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and accounted as the dust of the earth.” He then places in a linen rag the lamp and spoon with all the pieces of bread, which are carefully kept till the next morning. Early the following day all manner of leavened bread, beer, or liquors made of grain, must be removed from the house, as well as all vessels containing them. For the Passover all utensils are either new, or only used from one Passover to the other. If a renovation is to be made in the apparel of a poor family, it is generally delayed to welcome this feast. Among the very humblest the walls of their houses are whitewashed, their floors scrubbed, and all things made to put on a new appearance. On this first day of the Passover it is customary for all the first-born to fast, in remembrance of the deliverance of the first-born of their forefathers. Should the first-born not be eleven years old, his father is to fast for him ; and should his father be dead, this duty devolves upon his mother.

After sunset, on the fourteenth day, the feast commences. On returning home from the synagogue, the Jews find their table laid out in the following manner: In the centre is a dish covered with a napkin: on the napkin is placed a large Passover cake, marked with three notches called Israelite. This cake is covered with a napkin, and a second is placed on it with two notches, called Levite: this again being covered with a napkin. A third cake, having only one notch, is laid upon

this is called Cohen. A reserve cake is also kept near at hand called Saphec, or doubtful, in case either of the three other cakes should be broken. In another dish is put a shank-bone of a shoulder of lamb, with a small piece of meat upon it, and an egg boiled hard : the former commemorates the Paschal lamb, and the egg signifies that it is to be roasted whole. In a third dish some lettuce or horse-radish is

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placed, in remembrance of the bitter herbs which were to be eaten with the lamb. A cup of salt and water, or vinegar, and a compound of almonds, etc., worked up into a paste, are also on the table: the one in memory of the passage of the Israelites through the Red Sea, and the other as a reminder of the bricks and mortar with which they worked in Egypt.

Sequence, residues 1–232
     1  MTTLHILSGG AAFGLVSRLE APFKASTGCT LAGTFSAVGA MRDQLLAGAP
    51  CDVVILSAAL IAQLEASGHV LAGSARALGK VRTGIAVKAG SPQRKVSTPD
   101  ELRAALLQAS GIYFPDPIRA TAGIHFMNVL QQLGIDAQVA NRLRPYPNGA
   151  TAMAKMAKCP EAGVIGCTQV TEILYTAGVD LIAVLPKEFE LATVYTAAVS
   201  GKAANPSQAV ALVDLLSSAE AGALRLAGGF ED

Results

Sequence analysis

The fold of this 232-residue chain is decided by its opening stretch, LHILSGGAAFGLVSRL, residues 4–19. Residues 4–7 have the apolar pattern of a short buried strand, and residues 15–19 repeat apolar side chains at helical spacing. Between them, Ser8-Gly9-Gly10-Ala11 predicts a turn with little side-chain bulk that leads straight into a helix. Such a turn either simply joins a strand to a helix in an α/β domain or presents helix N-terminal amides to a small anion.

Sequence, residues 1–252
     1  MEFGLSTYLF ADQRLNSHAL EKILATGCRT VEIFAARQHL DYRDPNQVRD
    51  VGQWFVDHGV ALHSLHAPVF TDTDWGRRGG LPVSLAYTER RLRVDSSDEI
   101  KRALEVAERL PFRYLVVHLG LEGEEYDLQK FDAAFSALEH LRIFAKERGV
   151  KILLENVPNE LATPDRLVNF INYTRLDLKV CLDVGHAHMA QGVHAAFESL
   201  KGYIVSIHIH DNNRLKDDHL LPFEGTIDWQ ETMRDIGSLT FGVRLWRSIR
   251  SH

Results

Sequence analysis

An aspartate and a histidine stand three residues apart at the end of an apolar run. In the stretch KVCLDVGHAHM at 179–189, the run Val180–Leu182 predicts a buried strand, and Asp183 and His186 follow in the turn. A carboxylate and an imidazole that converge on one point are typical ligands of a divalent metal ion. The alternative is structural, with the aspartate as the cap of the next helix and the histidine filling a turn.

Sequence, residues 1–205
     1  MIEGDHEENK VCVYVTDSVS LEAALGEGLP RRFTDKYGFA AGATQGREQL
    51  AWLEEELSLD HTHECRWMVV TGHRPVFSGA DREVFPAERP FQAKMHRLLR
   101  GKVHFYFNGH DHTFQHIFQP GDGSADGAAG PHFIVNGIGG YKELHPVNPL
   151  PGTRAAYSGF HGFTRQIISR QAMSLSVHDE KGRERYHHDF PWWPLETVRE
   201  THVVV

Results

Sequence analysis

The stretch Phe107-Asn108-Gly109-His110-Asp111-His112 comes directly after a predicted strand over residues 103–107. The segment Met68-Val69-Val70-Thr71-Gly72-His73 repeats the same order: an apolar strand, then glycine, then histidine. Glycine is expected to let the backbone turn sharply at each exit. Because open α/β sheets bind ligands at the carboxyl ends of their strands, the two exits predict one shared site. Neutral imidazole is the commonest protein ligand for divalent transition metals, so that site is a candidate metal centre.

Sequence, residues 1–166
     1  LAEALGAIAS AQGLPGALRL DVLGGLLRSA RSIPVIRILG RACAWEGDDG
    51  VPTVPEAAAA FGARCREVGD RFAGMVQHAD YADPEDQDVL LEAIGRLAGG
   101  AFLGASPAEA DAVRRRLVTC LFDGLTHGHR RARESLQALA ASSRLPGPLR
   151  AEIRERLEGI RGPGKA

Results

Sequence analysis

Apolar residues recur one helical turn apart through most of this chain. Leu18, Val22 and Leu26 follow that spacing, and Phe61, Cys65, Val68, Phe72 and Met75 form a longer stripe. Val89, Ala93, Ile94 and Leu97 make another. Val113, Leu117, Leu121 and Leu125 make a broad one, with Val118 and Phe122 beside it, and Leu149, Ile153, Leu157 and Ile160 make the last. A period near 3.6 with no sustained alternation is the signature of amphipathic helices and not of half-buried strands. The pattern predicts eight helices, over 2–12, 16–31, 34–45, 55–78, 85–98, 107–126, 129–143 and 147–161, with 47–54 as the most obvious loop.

All being prepared, every one of the family, including the lowest servants, sit together at table during the meal, because in bondage they were all equally alike, and they should all equally return thanks for their redemption. Before each individual is a glass of wine, for on this occasion all are obliged to drink four glasses of wine, called Arbang Cosoth, or the four cups, in commemoration of the four different expressions made use of in Exodus at their redemption: “I will bring you

”—“I will rid you "_“I will redeem you”—“I will take you.” An extra glass of wine is placed on the table for Elias the prophet, who is expected, as the forerunner of the Messiah, to visit them in the course of the evening.

All being seated, having first washed their hands, the head of the family takes a glass of wine in his right hand and says: “ Blessed art Thou, O Lord our God, King of the universe, the Creator of the fruit of the vine. Blessed art Thou, O Lord our God, King of the universe, who selected us from all other people, and exalted us above all other nations, and sanctified us with Thy commandments, and granted to us, O Lord our God, in love, solemn feasts to rejoice, with festivals and time of gladness, this day of the feast of unleavened bread, the time of our redemption, an holy convocation, a memorial of our departure from Egypt; for Thou didst select us, and sanctify us from all other people, and Thy holy seasons hast Thou caused us to inherit, with love and favour, joy and glad

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Blessed art Thou, O Lord, the Sanctifier of Israel, and of the times. Blessed art Thou, O Lord our God, King of the tiniverse, who hast maintained us and preserved us to enjoy this season.

They all now drink the wine. The master of the household, after having broken the middle cake in the dish, and having given some of the lettuce dipped in saltwater to all around his table, lifts up the bone of the lamb and the egg, all at table taking hold of the dish. He then says: “Lo, this is the bread of affliction which our ancestors ate in the land of Egypt; let all those who are hungry enter and eat thereof, and all who are necessitous come and celebrate the Passover. At present we celebrate it here, but next year in the land of Israel ; this year we are servants, but next year we hope to be freemen in the land of Israel.” Hereupon the youngest son asks his father, “What signifies this Feast ?” The father replies by explaining why the different things in the various dishes are to be eaten on that occasion. The cake is then shown to all as a memorial of their freedom, whilst the head of the house says: “These unleavened cakes, why do we eat them ? Because there was not sufficient time for the dough of our ancestors to leaven before the Holy Supreme King of kings appeared unto them, and redeemed them.” He now takes the lettuce or other herb, and shows it as a memorial of their servitude saying: “This bitter herb, why do we eat it ? Because the Egyptians embittered the lives of our ancestors in Egypt, as it is said, “And they made their lives bitter with hard bondage.'

All now drink wine, and immediately afterwards each eats a piece of the Passover cake, and some of the compound of almonds, repeating a peculiar kind of blessing. Supper is now served. At its conclusion grace is said, and their

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